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ClockWork
5th November 2007, 08:40 PM
Hi Hipsters,

Does anyone know of a way in which one can see every Download in Mac OS X, and how much it weighed? Kinda like a Download Log ?

Naturally one can see what one has downloaded in Firefox / Safari / Camino / Speed Download etc, yet what about ALL downloads, including streaming audio / video, email, software updates, Lime Wire, BT, and every mouse click that opens a new page - etc ?

(Or would such a thing only exist as a piece of software?)

cheers,

cw

Currawong
5th November 2007, 08:55 PM
Netbarrier will record all bandwidth used. Someone asked about this recently.

ClockWork
5th November 2007, 09:12 PM
Thanks Curra - I notice its 5 user liscence is a tad pricey.

I need some way to explain what it is that teenagers do to their parent's monthly download limit, and how they can easily slice through 2GBs in 5 days - especially when Lime Wiring, BT-ing and visiting 100 dreadful MySpace Sites, each with their own streaming audio, every day.

Volume Usage Charts on the ISP show quite clearly that the major downloads occur just after 4:00pm in the afternoon, yet like all parents, the final word is:

"I'm sorry, but my kids would never lie to me, and I've asked them, so it must be something you've done."

=/

cw

dotnet
5th November 2007, 10:34 PM
That said, if I pinged you with large packets all the time day in day out you'd have to pay for that, too, even if your firewall blocks it. Of course, being on Bigpond and having to pay for uploads I would never do that... ;)

My point being: the current billing system used by ISPs everywhere counts all traffic their router forwarded to you, regardless of whether you (or any of your users) asked for the traffic or not.

Cheers
Steffen.

AcesHoney
5th November 2007, 10:48 PM
2 1/2 months ago Bigpond adjusted my billing cycle, since that date my usage has increased from 4 gig to 12 gig per month... they assure me that they have not changed the usage meters and our browsing habits have not significantly changed. To me it seems like too much of a coincidence for it to not be in some way related Basically they told me that it was my problem, happening at my end and that I must have a virus or something, or that my neighbours are using my network... I explained that we have 5 computers all the windows ones have virus protection and that the same ones are not necessarily on at the same times and that up until 2 weeks ago my network was password protected(cant seem to get it working with the mac thou). Is there anyway I can dispute what they are saying? Does this program you are talking about measure the usage in the same way as Bigpond?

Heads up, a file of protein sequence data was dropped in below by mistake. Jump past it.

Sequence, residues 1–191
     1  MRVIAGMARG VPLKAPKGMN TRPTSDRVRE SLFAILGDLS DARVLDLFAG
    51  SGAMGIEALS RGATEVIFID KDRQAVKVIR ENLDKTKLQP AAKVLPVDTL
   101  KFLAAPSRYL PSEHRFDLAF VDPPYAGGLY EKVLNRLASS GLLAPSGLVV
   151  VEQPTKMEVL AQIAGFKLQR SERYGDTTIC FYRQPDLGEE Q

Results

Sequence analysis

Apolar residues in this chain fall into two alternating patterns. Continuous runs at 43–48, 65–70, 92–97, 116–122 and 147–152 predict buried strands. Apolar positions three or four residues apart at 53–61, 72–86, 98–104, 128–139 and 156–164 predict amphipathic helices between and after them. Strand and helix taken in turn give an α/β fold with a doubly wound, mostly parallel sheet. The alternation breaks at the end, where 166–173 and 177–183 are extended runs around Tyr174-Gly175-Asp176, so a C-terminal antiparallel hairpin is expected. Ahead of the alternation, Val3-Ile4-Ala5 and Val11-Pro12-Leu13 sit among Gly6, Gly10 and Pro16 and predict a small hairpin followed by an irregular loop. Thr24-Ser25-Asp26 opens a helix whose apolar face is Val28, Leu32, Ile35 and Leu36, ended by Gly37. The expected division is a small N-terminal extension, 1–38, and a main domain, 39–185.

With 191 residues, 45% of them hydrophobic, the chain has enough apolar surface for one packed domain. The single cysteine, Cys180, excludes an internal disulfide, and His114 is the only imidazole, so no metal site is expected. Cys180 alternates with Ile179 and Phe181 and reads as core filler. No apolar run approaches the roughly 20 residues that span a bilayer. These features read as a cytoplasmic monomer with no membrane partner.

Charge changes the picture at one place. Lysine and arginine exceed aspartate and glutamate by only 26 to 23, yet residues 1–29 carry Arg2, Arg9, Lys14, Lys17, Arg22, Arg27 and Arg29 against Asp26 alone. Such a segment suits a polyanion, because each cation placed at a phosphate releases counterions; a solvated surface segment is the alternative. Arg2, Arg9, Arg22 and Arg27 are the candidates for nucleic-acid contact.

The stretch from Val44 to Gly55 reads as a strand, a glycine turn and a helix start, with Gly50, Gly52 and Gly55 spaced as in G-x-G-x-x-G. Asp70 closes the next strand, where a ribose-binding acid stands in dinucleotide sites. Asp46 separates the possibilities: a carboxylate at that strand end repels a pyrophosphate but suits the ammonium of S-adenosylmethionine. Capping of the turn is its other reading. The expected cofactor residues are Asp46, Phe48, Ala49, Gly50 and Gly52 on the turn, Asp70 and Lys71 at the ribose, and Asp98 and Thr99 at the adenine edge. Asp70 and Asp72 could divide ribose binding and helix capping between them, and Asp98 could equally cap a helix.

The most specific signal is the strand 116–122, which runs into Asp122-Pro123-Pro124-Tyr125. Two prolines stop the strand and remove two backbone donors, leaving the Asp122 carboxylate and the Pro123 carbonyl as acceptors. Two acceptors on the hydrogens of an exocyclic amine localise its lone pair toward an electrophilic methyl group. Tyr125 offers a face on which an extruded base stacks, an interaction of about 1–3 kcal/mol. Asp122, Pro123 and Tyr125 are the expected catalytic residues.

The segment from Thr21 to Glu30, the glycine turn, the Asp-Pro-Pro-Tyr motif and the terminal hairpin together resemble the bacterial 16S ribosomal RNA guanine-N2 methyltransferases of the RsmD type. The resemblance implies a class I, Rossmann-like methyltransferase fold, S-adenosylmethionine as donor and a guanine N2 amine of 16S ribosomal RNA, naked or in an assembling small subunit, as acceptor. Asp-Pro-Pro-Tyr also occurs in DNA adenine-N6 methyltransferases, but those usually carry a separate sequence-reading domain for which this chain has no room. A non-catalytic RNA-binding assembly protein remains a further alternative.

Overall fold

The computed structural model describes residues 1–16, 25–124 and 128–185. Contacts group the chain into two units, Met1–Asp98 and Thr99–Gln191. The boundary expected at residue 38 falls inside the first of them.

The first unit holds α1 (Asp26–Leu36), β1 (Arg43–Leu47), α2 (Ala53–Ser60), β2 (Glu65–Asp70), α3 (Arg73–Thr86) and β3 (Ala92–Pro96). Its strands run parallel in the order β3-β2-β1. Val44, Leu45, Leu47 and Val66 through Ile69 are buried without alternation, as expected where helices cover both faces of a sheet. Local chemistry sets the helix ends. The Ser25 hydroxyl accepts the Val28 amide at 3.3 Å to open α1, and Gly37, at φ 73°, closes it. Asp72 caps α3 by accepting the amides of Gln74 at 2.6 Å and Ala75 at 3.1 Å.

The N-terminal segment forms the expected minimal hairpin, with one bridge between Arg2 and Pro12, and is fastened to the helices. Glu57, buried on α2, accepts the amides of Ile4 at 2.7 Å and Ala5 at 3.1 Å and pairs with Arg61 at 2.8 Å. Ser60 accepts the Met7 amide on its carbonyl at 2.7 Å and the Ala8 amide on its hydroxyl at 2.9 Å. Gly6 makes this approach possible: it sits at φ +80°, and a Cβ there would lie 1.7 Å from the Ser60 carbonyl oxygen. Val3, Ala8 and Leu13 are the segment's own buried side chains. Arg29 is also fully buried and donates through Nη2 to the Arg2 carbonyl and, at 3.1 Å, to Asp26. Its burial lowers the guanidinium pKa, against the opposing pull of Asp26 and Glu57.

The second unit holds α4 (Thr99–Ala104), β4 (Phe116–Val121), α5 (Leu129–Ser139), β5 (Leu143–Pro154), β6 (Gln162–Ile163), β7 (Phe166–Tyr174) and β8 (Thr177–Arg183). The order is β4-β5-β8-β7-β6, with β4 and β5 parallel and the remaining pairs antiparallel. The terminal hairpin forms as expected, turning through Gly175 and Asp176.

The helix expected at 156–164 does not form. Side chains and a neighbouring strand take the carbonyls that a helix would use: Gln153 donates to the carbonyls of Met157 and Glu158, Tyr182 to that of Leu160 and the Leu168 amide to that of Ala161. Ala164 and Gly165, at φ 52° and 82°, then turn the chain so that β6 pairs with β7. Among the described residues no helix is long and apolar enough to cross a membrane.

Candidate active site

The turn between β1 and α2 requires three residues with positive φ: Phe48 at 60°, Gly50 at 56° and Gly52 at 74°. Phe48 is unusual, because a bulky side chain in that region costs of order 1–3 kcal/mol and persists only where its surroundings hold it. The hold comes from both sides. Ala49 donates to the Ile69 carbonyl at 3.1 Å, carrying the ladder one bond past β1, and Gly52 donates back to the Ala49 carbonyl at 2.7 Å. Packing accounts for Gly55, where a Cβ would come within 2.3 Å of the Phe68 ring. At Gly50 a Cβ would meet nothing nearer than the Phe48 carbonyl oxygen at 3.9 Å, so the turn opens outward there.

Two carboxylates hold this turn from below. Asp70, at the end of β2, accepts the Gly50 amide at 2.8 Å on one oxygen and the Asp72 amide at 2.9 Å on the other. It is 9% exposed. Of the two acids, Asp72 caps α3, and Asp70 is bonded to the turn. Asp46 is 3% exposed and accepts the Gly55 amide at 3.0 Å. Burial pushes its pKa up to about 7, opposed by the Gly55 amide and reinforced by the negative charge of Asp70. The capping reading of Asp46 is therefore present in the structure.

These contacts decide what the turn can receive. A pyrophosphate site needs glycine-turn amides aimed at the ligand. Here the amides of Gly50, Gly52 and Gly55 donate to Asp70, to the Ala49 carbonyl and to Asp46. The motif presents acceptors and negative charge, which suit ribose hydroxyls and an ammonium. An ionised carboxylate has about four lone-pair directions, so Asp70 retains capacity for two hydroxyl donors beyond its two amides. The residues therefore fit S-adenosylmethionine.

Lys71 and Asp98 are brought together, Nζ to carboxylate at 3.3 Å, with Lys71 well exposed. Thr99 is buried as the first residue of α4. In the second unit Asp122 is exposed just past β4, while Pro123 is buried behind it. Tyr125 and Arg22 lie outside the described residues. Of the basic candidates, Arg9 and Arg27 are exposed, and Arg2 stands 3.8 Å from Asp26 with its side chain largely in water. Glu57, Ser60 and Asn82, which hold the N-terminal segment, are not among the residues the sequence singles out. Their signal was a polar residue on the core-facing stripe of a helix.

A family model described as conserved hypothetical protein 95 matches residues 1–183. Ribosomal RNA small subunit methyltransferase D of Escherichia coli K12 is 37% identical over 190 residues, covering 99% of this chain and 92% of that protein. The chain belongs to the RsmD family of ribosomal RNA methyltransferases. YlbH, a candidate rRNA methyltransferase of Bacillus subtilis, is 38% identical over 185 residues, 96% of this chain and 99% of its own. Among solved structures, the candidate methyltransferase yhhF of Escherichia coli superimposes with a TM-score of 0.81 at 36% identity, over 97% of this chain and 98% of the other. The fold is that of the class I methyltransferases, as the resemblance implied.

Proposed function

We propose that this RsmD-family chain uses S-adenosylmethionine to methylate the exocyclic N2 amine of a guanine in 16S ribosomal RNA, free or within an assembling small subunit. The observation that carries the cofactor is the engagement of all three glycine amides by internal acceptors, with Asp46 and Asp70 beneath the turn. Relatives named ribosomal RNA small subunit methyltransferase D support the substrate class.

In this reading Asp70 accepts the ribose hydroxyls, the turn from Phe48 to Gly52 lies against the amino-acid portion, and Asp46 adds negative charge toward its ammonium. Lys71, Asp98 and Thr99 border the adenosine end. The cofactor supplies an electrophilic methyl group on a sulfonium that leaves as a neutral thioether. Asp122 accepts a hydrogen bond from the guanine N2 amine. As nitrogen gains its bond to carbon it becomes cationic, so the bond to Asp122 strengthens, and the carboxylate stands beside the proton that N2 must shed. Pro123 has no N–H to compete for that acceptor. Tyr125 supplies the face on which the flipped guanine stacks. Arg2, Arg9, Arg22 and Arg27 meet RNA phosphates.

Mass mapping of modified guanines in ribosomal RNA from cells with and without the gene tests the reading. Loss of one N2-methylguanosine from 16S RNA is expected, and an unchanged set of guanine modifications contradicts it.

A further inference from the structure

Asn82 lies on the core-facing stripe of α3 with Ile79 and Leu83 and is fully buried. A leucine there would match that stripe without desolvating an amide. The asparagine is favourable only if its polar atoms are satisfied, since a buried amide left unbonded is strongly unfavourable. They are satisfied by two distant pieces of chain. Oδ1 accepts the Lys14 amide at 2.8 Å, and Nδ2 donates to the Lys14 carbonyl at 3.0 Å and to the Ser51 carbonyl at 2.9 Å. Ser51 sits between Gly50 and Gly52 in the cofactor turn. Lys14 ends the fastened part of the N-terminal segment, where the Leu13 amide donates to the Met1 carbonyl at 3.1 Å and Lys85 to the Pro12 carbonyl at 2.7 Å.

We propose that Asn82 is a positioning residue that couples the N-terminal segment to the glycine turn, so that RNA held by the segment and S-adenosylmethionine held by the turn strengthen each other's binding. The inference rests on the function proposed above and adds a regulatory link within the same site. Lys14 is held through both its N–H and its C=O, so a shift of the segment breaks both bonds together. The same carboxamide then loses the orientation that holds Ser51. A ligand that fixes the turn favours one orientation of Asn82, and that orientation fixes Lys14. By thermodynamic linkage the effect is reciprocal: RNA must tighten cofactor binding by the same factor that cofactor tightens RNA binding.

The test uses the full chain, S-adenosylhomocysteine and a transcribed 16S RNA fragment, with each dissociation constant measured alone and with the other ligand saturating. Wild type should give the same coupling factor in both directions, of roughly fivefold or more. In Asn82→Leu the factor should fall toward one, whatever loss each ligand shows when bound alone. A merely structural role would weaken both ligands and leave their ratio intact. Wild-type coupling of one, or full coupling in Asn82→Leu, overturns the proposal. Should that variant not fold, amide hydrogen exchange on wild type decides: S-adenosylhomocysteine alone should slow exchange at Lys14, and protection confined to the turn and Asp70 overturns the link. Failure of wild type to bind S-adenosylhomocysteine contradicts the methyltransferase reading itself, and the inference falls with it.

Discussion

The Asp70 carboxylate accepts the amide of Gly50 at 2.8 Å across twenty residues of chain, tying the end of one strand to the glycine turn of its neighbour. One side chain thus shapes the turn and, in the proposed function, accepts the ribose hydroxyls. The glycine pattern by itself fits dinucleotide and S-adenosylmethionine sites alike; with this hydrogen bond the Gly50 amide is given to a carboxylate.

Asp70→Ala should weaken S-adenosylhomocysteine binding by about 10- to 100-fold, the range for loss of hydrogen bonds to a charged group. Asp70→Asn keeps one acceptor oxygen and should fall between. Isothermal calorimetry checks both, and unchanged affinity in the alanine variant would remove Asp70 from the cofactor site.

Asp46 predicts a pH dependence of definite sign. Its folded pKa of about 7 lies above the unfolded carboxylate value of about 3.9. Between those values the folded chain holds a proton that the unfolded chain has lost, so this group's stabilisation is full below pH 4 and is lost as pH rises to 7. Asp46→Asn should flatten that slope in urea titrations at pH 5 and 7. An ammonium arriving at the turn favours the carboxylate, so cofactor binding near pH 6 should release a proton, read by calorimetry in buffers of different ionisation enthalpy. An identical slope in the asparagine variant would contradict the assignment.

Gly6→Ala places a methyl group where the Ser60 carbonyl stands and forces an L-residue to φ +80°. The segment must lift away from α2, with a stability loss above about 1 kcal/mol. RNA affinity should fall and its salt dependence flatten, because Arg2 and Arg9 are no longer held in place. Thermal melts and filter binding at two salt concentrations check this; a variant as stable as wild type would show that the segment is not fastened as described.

zeddie2001
5th November 2007, 10:55 PM
http://homepage.mac.com/rominar/net.html

That will take a little bit of effort to setup, but it's only $10.

AcesHoney
5th November 2007, 10:58 PM
Thanks :)

Brains
5th November 2007, 11:54 PM
Clockwork: ask what kind of modemrouter they are using (if you don't know already) then check its manual -- many of them can generate logs that will do something pretty close to what you want, and mail the logs to a predefined address regularly (hourly, daily, etc). If the miscreant kiddiwinks have their own computer(s) then getting this kind of data at the router is the only way you're going to get reliable information on who's doing what, as both Netbarrier (severe overkill) and NetMonitor are per-machine.

At the very least, you can do an experiment: if the modemrouter has built-in site blocking smarts (and most do), block youtube.com for 24 hours and then do a comparison on the download quota used ... I know from experience that YouTube is the greatest quota suckers amongst teens, because it is so easy to embed a YouTube video into a webpage (especially Myspace pages).


B.

ClockWork
6th November 2007, 11:10 AM
Brains: Networking is my major weakness in computer knowledge. The modem routers are mainly Netcomms. I've googled: blocking youtube - in all imaginable questions, yet come up empty handed.

In - let's say - a Netcomm NB5Plus4W - one goes to the Advanced Settings > and then into either Port Forwarding or Access Control, yet... I really don't know... what to put into these fields to block YouTube / Google Video - and so forth.

I can google these subjects - but I can't see any tutorials on how to learn how to do these things. Most google results return with answers on how to open those ports.

Help please?

cheers,

cw

all I really know, is YouTube's IP address: 208.65.153.251 - yet I'm barking up the wrong tree here, aren't I...?

gehenna
6th November 2007, 11:15 AM